The Sustainable Development Goals (SDGs), adopted by the United Nations in 2016, are a set of 17 goals and 169 targets that cover a broad range of worldwide sustainable development issues. The aim is to achieve these goals and targets by the year 2030. The SDGs overlap and play a role in the determinants of health, too, as they are related to all aspects of human life: where we live, play, and work.
As a major force in healthcare delivery systems, inclusion of and collaboration with the nursing profession is crucial to maximize the impact of interventions geared at achieving the SDGs. While some progress has been made towards achieving the SDGs, global efforts continue to fall short of reaching these targets. The reasons are numerous, but we are here to talk about one in particular: There is no public health without good workplace health.
A healthy and engaging nursing workforce leads to a healthier and more engaged patient population with better health outcomes. However, for nurses to realize their full potential, the practice environment must be safe, empowering, and satisfying. Today’s nurses are experiencing high rates of burnout and stress due to workplace violence, injuries, and bullying, which all contribute to burnout. The COVID-19 pandemic has presented additional challenges to healthcare organizations, adding yet another level of stress for nurses and other healthcare workers.
We already know healthy work environments (HWEs) can help reduce that burnout, but let’s take a look at how they can also support the SDGs:
SDG 10 | Reduced Inequities + SDG 8 | Decent Work and Economic Growth
Part of creating HWEs includes reducing inequalities in the workplace, like income or those based on age, sex, disability, race, ethnicity, origin, or religion. Minorities historically experience unequal access to educational opportunities, higher rates of hiring discrimination, and overrepresentation in lower-paying service occupations. These inequities are also reflected in the limited racial and ethnic diversity of the healthcare workforce.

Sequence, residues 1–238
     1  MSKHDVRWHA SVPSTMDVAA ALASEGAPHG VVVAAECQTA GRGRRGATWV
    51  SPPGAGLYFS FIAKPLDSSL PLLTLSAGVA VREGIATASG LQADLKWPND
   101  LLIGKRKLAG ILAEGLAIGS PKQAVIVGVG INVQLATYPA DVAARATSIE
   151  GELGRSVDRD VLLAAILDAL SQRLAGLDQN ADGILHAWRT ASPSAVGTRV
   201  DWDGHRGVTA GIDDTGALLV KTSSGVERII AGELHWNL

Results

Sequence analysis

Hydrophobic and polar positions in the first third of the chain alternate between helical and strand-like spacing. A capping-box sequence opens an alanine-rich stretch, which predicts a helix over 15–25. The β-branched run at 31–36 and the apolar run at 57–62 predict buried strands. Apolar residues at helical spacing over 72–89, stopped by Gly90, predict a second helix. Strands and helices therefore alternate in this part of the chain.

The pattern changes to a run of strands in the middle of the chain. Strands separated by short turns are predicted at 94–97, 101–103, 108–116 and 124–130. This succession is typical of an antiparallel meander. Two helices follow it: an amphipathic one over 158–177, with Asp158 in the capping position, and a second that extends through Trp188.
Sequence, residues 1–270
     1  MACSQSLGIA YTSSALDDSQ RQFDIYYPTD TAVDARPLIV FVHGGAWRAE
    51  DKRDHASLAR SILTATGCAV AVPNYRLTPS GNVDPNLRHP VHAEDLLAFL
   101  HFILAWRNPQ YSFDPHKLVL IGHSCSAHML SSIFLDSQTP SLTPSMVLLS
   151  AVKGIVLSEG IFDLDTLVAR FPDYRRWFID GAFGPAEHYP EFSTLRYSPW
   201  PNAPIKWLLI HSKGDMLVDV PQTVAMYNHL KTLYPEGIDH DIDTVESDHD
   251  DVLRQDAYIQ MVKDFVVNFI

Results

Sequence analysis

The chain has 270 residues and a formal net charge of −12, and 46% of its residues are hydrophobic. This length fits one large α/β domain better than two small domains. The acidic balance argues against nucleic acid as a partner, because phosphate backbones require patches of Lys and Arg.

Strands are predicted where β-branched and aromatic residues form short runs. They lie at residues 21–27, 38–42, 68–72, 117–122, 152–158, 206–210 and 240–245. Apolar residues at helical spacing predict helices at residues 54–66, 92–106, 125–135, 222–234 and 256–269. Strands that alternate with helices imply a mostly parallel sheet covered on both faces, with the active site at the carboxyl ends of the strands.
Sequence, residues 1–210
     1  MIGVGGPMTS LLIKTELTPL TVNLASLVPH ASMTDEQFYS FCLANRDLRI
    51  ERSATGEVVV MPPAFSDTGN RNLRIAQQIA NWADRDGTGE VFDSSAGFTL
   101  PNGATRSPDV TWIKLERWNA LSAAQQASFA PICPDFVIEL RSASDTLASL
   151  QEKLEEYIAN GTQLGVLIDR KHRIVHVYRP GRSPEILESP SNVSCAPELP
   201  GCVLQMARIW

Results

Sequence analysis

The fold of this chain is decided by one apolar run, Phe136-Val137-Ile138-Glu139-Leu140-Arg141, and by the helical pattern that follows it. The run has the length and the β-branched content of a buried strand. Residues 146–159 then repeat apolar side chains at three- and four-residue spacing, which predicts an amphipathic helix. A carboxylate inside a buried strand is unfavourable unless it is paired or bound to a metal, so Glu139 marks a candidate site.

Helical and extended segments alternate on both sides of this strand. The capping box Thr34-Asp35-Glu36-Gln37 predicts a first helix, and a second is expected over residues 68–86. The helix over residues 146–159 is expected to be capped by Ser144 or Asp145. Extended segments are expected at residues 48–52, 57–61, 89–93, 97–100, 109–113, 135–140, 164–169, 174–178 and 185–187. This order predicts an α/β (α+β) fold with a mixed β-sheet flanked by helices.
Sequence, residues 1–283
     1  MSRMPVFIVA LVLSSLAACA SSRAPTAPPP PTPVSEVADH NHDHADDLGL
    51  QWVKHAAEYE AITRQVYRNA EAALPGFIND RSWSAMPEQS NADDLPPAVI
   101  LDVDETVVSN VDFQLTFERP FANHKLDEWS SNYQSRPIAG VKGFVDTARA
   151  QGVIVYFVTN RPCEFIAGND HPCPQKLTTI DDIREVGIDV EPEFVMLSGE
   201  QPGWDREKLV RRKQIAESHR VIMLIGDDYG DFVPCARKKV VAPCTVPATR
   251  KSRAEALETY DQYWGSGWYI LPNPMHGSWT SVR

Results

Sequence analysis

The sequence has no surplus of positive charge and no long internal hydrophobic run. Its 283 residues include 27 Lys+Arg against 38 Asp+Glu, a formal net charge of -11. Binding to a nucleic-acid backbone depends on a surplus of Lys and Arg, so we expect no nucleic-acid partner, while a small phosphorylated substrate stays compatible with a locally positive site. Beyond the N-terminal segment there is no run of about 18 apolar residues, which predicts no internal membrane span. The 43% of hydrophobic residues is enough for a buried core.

In high resources settings like the United States, some examples of actions that might reduce inequalities include diverse and inclusive hiring practices, implicit bias training, and holistic admission policies. This contributes to a more diverse healthcare workforce, and that directly impacts patient outcomes. We know that patient-provider concordance is associated with trust, adherence, and better disease management as well as less attrition in follow-up care.
SDG 12 | Responsible Consumption and Production + SDG 13 | Climate Action
HWEs also provide an opportunity to positively impact the global environment. Hospitals generate 5 million tons of waste each year. This equates to 1% of nonresidential landfill waste. Every nurse can contribute to waste reduction in the clinical setting. Carilion Roanoke Memorial Hospital in Virginia, USA, set out to reduce hospital waste in the clinical setting. By reducing linen par levels and reviewing bed change policies, the organization was able to decrease linen utilization significantly, resulting in a six-months savings of US $83,000 for their institution. They also looked at supply waste. If you have been a nurse in the clinical setting, you know that we throw away a lot of unopened, unused items due to overstocking and oversupply. Instead of sending this type of “clean” trash to the landfill, they created a donation program. Today, they've donated over 87,000 pounds of unused medical supplies to nursing education programs.
Though not available to many of us in the nursing profession, we have to also mention the positive impact of remote work opportunities. A flexible schedule can reduce a person’s total travel by 10 to 15% and promotes gender equality with a better life and work integration.
All of the SDGs are determinants of health and well-being. So, as nurses, it is our job to promote the SDGs, but we can really only make a difference if we are backed by a healthy work environment. It bears repeating, there is no public health without good workplace health!
Valerie Clary-Muronda, PhD, RNC-OB, is a nursing instructor at Thomas Jefferson University in Cherry Hill, New Jersey, USA. In addition to being a Sigma United Nations Liaison, she is a member of Sigma’s Delta Rho Chapter.
Janice E. Hawkins, PhD, RN, is a clinical associate professor at Old Dominion University School of Nursing in Virginia Beach, Virginia, USA, and a retired Army nurse. In addition to being a Sigma United Nations Liaison, she is an executive board member of Sigma’s Epsilon Chi Chapter at Old Dominion University.